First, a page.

Phrases like “It’s single player WoW” and “lots of hype, little reward” are being tossed around when talking about Kingdoms of Amalur: Reckoning and honestly I can understand the sentiment. The game had potential to be a very good game, but never managed to quite step beyond a standard button masher, and that’s frustrating. Below is a full review of all aspects of the game.
For those that don’t know, Far Cry is an FPS with an RPG element. Think a realistic version of Borderlands. In this iteration, you play as Jason Brody. Now, I don’t want to give away the main plot lines (google the intro video if you must know), but let’s just say you are forced to become the “hero”. While you’re busy saving your friends, you also get to learn the way of the Rakyat, the local warrior tribe on the island.
Moral choice is nowhere near even close to being a new thing in video games these days. I have made choices that have, destroyed the food supply for an indigenous race, not killed a gun runner so I can extort money, weapons and information from him later, I killed a good friend so that I could gain the support of another dude with far greater connections (and score his killer apartment), I have saved and conversely harvested creepy little girls. I have done all of these things because in some way or other it has helped me to reach my own ends. From making me a more badass Jedi to giving me more currency to upgrade my plasmids, all of these choices have given my game some form of mechanical reward to help me on my way.
Let’s be honest for a second. Videogames are drugs. You know it and I know it. You know how it is, when you’ve got a good one, and everything just clicks into place, and your synapses start firing binary coded pixellated hadoukens directly up your dopamine receptors’ asses, and your eyeballs go rectangular, and you’re riding an endorphin-tsunami with a big stupid grin on your face until you fuck up or someone pulls the plug. That’s drugs. At least if you’re doing it right.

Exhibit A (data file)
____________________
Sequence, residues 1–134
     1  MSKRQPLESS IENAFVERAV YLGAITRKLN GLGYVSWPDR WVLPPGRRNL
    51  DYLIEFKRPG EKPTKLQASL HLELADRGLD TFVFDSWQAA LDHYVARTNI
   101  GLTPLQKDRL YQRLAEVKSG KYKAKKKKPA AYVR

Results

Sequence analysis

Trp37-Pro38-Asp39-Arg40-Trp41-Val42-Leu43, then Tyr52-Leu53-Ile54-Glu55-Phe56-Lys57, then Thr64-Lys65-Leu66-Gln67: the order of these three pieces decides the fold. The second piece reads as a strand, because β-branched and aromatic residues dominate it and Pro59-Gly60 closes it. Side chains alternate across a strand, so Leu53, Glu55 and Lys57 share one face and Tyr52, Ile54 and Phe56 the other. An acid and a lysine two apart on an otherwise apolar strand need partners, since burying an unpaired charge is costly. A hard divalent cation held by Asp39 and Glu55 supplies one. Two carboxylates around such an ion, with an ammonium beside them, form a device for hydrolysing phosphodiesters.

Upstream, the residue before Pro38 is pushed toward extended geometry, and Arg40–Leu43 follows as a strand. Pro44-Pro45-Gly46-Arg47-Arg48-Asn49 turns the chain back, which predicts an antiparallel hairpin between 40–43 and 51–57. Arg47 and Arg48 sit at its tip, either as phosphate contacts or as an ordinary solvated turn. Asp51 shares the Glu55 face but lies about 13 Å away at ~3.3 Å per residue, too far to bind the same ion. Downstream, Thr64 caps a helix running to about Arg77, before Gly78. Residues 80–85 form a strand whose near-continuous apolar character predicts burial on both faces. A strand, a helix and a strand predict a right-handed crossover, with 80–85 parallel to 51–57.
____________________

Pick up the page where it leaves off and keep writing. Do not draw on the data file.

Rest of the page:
Ahhh, high definition remakes. Games that studios hope will make a pretty penny off of nostalgia. They’re relatively easy to pump out, and without having to create a game from the ground up, its a guaranteed money maker. Now comes an HD remake of the most prolific extreme sports franchise in history, Tony Hawk’s Pro Skater. Covering locales from the first two games and using game mechanics taken straight from the second game, this should appeal to everyone who played the old games back in the day. But is the novelty worth the price tag, or does the sheen wear off through the rose tint glasses?
Quantum Conundrum is really difficult to not compare to the Portal franchise and this isn’t surprising when you look behind the scenes of this 3D puzzle jumper. Designed by Kim Swift, the creator of Portal, it’s easy to see the similarities between the games. The silent protagonist (you) and an omnipresent voice always saying some snide thing or another from God-knows-where. The similarities end there… more or less.
Because it costs over 75 bucks, I was reluctant to pick up Diablo III. Its first two predecessors were pretty, with lush, lovely sounds and fun mini-quests, but it was easy to grow a little weary, as the gameplay relied little on tactics and roleplaying, consisting entirely of endless dungeon crawls, with little in the way of coherence, and irritatingly tedious return trips through the complex mazes of levels.
TL;DR version: read the words in bold.
So there’s this whole “games as art” thing. It gets bandied around a lot these days; the main argument seems to be whether a videogame can evoke an emotional response in the same way a painting or a piece of music can.
Yesterday, the first true sequel of sorts came to the Angry Birds franchise with Angry Birds Space. There’s already been a few variations, including Angry Birds Rio, which was just a shameless tie in to the animated Rio film and Angry Birds season, a shameless attempt to get people to buy more Angry Birds stuff because it’s got hearts and jack-o-lanterns and shit, but the gameplay was still basically the same— take your birds, fling them at piles of wood and stone and ice, knock out the pigs. But Angry Birds Space feels like a completely new and exciting thing all together.
Whoa. This game is gorgeous.
I loved Uncharted 2. That is how this review needs to begin. To me, Uncharted 2 was the zenith of the Uncharted series and then went into a steep decline. Which is why Naughty Dog is probably working on The Last of Us currently, they realize they need a break. Even though Bend developed Uncharted: Golden Abyss, you would still never know the difference (this is a compliment towards Bend’s technical achievements on the Vita.)